I have seen Cairo since the war years and that time seemed to shimmer as a mirage over the present. The Hiltons and the Sheratons were real enough, the teeming jerry-built dun-coloured traffic-ridden deafening city, but in my head was that other potent place, conjured up by the smell of dung and paraffin, the felt-shod tittuping sound of a donkey’s hooves, kites floating in a Wedgwood blue sky, the baroque gaiety of Arabic script.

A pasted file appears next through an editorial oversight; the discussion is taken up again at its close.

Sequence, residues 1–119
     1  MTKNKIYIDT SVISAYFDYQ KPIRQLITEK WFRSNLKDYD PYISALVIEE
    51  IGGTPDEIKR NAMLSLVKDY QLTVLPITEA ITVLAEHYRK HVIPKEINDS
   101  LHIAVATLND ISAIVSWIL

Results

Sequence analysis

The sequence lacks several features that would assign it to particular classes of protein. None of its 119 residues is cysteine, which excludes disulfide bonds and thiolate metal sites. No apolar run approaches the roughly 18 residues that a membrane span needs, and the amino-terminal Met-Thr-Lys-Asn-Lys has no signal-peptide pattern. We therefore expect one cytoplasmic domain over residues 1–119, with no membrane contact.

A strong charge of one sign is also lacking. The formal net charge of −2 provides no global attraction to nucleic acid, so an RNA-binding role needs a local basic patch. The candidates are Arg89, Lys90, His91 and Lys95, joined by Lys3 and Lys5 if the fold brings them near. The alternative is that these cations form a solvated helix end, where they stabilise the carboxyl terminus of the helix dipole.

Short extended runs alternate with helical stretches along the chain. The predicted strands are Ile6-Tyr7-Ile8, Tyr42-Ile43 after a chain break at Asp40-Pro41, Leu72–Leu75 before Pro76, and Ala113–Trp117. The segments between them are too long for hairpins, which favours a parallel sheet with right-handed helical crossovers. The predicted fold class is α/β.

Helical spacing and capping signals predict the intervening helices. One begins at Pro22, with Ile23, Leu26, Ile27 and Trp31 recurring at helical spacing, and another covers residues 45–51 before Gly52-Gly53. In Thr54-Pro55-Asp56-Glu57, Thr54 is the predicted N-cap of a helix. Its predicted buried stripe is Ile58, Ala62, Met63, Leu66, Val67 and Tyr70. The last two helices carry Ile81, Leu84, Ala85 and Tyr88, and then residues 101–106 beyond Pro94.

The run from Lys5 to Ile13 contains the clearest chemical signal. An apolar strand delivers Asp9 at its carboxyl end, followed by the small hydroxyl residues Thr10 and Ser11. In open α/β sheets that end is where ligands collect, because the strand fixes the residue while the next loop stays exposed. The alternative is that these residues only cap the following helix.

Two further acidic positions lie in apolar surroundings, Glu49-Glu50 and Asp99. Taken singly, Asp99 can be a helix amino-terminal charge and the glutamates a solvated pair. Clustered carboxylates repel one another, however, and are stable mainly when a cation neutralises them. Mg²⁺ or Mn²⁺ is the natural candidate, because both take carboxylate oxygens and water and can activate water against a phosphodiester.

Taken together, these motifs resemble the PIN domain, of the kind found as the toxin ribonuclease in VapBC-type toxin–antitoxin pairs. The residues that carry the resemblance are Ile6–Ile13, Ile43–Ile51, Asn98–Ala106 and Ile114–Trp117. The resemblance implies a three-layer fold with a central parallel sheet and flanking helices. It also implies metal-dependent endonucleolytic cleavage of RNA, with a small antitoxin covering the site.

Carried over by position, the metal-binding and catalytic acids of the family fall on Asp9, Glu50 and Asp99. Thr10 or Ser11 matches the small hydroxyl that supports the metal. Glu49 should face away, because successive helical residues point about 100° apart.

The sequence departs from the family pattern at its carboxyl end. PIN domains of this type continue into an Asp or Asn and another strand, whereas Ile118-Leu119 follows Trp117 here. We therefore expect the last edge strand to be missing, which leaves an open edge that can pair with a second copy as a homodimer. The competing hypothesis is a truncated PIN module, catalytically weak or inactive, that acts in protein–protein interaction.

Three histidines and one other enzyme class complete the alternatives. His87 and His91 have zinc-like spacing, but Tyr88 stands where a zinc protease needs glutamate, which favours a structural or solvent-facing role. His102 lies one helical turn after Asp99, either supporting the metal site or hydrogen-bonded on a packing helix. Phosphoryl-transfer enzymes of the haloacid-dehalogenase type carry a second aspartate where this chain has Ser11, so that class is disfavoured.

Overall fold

The place didn’t look the same but it felt the same; sensations clutched and transformed me. I stood outside some concrete and plate-glass tower-block, picked a handful of eucalyptus leaves from a branch, crushed them in my hand, smelt, and tears came to my eyes. Sixty-seven-year-old Claudia, on a pavement awash with packaged American matrons, crying not in grief but in wonder that nothing is ever lost, that everything can be retrieved, that a lifetime is not linear but instant. That, inside the head, everything happens at once.